Comparing Brand-Name Medication to Generic Medication

Often times, when you get a prescription from your doctor, they will give you a drug with a widely-known name in the health industry. You go to your drug store to get the prescription, and you’ll find out one way or another that there is what is known as a “generic version” of the drug that you are prescribed.

For instance, Lamictal is an anti-epileptic drug to suppress symptoms of seizures and its generic name is lamotrigine. Lamictal is widely advertised and is one of the most-known medications of its kind, claimed to be the most effective anticonvulsant. However, there are alternative forms of lamotrigine that cost less. Patients are left to make a decision of whether to buy Lamictal online or go with its generic counterpart.

Generic drugs are often considered rip-offs of brand names, but that isn’t really the case, especially when talking about medicine. Generic drugs share many similarities with brand-name drugs. They contain the same active ingredient as well as the same quality, dosage and strength as brand-name drugs. While some assume that they are inferior, that usually isn’t the case.

Lamictal and lamotrigine are expected to have the same traits to help seizures, with the same amount, strength, quality, dosage, and directions for taking. The same can be said for Ventolin and albuterol, Prilosec and omeprazole, Flonase and fluticasone, and so on.

The Canadian Food Inspection Agency (CFIA) states that drug manufacturers need to prove how generic drugs can be suitable replacements for brand-name drugs as well as offer the same benefits. In other words, you can get a generic drug instead of a brand-name one and enjoy the same benefits.

So how come generic drugs cost less than brand-name drugs? The real question is: Why do brand-name drugs cost more? There is a long explanation for this. Firstly, manufacturers in charge of brand-name drugs need to conduct clinical trials so that they are sure that their products work just as intended. These tests require lots of money to conduct, and thus they bump up the price of these drugs to consumers in order to recoup losses from these tests.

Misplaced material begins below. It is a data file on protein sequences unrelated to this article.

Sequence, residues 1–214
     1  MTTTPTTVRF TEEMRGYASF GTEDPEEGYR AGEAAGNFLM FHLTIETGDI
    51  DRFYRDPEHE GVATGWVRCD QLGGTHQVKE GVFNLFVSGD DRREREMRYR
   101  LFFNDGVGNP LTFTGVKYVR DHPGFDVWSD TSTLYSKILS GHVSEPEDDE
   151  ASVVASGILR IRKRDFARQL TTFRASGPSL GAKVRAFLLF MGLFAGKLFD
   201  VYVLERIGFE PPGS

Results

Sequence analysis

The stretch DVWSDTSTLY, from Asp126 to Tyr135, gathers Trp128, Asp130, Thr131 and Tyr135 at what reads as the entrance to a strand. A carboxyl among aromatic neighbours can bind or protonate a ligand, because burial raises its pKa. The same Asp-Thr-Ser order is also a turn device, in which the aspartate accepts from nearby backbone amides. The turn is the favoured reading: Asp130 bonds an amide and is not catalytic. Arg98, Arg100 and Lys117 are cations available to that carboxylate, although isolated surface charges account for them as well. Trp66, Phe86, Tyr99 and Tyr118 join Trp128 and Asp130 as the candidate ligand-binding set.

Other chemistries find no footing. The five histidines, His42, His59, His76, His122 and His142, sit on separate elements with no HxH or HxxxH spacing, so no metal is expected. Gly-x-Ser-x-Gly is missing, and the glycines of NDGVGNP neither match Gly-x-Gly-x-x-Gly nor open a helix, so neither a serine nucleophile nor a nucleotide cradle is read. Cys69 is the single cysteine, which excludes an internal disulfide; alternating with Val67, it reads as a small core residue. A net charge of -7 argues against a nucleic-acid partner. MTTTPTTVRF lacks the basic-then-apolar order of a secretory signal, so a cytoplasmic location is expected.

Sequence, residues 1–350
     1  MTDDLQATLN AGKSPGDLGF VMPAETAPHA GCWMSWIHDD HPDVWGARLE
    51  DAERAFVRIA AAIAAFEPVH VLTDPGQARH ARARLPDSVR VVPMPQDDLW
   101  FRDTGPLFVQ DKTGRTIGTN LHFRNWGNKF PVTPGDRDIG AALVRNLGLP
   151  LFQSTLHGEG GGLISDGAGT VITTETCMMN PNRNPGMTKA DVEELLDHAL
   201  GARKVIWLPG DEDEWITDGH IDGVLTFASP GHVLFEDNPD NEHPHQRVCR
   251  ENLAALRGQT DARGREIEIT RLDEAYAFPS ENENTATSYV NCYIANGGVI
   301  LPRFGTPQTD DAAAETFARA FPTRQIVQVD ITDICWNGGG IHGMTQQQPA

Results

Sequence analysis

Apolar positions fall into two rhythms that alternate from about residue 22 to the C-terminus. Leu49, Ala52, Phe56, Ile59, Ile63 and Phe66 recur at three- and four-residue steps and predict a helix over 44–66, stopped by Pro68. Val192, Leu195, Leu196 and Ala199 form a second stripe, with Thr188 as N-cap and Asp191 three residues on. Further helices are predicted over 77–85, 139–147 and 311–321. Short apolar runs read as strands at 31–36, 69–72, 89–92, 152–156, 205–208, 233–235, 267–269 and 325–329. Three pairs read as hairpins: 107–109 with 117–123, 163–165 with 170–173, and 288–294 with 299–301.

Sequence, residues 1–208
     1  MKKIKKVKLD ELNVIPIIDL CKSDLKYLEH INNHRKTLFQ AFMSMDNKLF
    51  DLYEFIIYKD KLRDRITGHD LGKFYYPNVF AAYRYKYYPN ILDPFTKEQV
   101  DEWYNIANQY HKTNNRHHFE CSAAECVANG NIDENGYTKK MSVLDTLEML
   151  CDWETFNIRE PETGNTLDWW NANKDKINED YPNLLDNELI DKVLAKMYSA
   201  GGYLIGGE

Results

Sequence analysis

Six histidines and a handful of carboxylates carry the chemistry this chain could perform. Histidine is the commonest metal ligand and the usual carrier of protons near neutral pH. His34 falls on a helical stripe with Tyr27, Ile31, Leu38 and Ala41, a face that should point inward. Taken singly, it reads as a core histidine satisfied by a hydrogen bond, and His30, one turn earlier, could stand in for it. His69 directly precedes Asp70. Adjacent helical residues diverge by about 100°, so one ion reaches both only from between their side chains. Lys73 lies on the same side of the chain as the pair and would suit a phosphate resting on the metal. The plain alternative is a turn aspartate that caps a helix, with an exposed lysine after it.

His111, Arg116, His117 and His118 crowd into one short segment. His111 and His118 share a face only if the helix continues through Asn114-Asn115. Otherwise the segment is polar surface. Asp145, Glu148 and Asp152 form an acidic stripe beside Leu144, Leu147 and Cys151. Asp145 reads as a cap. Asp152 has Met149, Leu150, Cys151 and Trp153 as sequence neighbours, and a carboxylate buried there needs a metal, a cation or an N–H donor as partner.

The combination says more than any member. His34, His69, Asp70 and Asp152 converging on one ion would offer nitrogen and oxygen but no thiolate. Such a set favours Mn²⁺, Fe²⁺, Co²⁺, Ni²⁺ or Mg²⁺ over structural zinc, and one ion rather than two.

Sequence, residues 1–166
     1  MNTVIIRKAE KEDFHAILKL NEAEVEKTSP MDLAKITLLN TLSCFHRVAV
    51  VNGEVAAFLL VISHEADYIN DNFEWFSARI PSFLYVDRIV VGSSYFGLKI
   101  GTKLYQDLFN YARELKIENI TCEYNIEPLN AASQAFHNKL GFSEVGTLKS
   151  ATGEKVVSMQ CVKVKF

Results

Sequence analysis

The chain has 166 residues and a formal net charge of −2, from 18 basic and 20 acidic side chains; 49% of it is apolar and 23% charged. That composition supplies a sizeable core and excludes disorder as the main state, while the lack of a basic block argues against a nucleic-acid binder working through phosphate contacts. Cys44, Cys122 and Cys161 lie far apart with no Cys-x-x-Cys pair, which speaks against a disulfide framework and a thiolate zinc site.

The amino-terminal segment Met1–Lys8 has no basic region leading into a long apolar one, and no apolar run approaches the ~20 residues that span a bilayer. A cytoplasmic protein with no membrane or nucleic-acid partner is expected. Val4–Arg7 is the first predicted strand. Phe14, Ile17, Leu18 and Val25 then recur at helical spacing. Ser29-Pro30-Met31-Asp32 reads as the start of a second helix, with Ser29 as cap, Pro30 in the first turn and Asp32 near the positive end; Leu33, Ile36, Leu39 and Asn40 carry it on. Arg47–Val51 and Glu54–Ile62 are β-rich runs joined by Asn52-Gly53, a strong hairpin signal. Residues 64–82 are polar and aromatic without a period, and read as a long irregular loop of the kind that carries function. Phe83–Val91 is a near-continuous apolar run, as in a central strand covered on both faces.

While this other factor has less to do with brand-name drug manufacturers, it still can make their products pricey in comparison. A brand-name drug is sold by just one drug manufacturer. Generic drugs on the other hand are sold by a number of manufacturers, which can lead to competition among themselves, usually leading to price reductions in order to make sales, while brand-name drugs remain the same price. Generic drugs can cost as much as 80 to 85 percent less than the brand-name version and therefore, generic drugs have saved the healthcare industry trillions of dollars thus far as a result.

It is very easy to tell the difference between brand-name and generic drugs. From the get-go, generic drugs cannot look the same. Because of trademark laws, the packaging for generic drugs must be different from their brand-name counterparts. So, if you are concerned that these drugs try to look similar to trick consumers, they shouldn’t.

There are times in which the brand-name drug, however, will be the drug you want to buy. If the generic drug has a low therapeutic index, there is no generic version of a drug, or it just doesn’t work for you, then go for the brand-name drug by all means.